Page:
Bubonic Plague versus Avian Flu * https://www.youtube.com/watch?v=ldZjaT4WXrA&noredirect=1

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Bubonic Plague versus Avian Flu * https://www.youtube.com/watch?v=ldZjaT4WXrA&noredirect=1 by Mind Map: Bubonic Plague versus Avian Flu  * https://www.youtube.com/watch?v=ldZjaT4WXrA&noredirect=1

1. Spread of Bubonic Plague from Central Asia to China, the Middle East, and Europe during the 1300s https://www.boundless.com/world-history/textbooks/boundless-world-history-i-ancient-1600-textbook/the-middle-ages-in-europe-9/the-late-middle-ages-c-1301-1500-ce-47/the-black-death-179-13247/images/the-spread-of-the-black-death-from-central-asia-to-east-asia-and-europe/

1.1. http://upload.wikimedia.org/wikipedia/commons/thumb/1/15/Yersinia_pestis_fluorescent.jpeg/345px-Yersinia_pestis_fluorescent.jpeg

1.2. http://en.wikipedia.org/wiki/File:Xenopsylla_chepsis_(oriental_rat_flea).jpg

2. Spread of the Avian Flu from China to Europe http://gamapserver.who.int/mapLibrary/Files/Maps/Global_SubNat_H5N1inAnimalConfirmedCUMULATIVE_20061113.png

2.1. People catch bird flu by close contact with birds or bird droppings.

2.2. Some people have caught H5N1 from cleaning or plucking infected birds. In China, there have been reports of infection via inhalation of aerosolized materials in live bird markets. It's also possible that some people were infected after swimming or bathing in water contaminated with the droppings of infected birds. And some infections have occurred in people who handle fighting cocks.

2.3. There have been a few cases where one infected person caught the bird flu virus from another person -- but only after close personal contact. So far, there has been no sustained human-to-human spread of H5N1.

3. Represent statistical information of pandemic effects on population, the feudal economy, government and religion in Medieval Europe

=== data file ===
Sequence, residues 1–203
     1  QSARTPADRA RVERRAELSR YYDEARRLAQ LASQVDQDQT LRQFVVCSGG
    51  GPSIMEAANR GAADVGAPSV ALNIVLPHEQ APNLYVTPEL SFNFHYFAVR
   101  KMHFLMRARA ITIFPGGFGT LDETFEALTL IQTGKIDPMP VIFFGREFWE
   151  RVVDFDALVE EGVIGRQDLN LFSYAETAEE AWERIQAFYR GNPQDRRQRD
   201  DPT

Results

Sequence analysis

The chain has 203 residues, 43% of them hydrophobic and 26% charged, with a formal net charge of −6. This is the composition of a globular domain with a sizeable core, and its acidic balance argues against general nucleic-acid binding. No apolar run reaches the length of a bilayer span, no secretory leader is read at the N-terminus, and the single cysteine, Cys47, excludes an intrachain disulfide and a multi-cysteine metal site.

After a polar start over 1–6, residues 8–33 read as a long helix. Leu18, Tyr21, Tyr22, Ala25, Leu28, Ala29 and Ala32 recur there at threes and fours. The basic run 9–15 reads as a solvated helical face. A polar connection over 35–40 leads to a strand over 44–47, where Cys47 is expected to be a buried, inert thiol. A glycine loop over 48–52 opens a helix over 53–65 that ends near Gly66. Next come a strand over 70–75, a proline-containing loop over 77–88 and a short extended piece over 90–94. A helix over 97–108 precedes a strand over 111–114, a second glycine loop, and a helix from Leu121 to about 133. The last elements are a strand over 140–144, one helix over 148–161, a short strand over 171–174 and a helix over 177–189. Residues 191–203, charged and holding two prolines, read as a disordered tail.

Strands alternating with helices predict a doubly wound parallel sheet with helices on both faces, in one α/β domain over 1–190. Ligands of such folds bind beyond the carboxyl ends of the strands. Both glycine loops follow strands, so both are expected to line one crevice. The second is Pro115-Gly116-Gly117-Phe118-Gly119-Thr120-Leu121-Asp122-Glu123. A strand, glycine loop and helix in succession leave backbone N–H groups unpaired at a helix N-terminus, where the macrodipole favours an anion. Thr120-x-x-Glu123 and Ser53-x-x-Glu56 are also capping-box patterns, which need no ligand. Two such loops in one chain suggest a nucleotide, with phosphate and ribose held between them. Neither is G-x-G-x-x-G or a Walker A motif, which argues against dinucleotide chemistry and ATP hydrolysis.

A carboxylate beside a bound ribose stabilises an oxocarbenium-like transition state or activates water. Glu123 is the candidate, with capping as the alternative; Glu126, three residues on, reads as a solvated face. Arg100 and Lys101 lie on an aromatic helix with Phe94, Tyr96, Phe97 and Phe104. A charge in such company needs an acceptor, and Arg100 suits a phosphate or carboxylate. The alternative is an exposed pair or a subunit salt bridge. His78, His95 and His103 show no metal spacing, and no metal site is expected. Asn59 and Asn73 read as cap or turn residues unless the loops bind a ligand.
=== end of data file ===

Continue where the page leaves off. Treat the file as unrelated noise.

3.1. Population: 25 Million people died in just under five years btw. 1347-1352.

3.2. Economy: Wheat prices increased by 300% due to inflation. - http://www.economist.com/blogs/freeexchange/2013/10/economic-history-1

3.3. Government: A Shortage Of Politicians! The plague came along during the Hundred Years' War between England and France, both of whose governments were staggering under the expense of maintaining the lengthy conflict. Revenues from taxation, the chief source of funding the war, came almost to a standstill, particularly in France. Another unexpected result of the number of deaths was that there was a shortage of politicians. In England, the number required for a quorum in the City Council was halved by decree, just to keep the government going. And there was so much property left ownerless after all the plague deaths, the government had to appoint special judges and commissions to decide the cases of survivors fighting over it.

3.4. Religion: The Black Death led to cynicism toward religious officials who could not keep their promises of curing plague victims and banishing the disease. No one, the Church included, was able to cure or even explain the plague. This increased doubt in the clergy's abilities. Extreme alienation of the church culminated in either support for different religious groups, such as the flagellants, which grew tremendously during the opening years of the Black Death, or to an increase in interest for more secular alternatives to problems facing European society and an increase of secular politicians. The Black Death hit the monasteries very hard because of their close quarters and their kindness in helping the sick, so that there was a severe shortage of clergy after the epidemic cycle. This resulted in a mass influx of new clergy members, most of whom did not share the life-long convictions and experiences of the veterans they replaced. This resulted in abuses by the clergy in years afterwards and a further deterioration of the position of the Church in the eyes of the people.

4. Action Points

4.1. Point 1

4.2. Point 2

4.3. Point 3

5. Demographics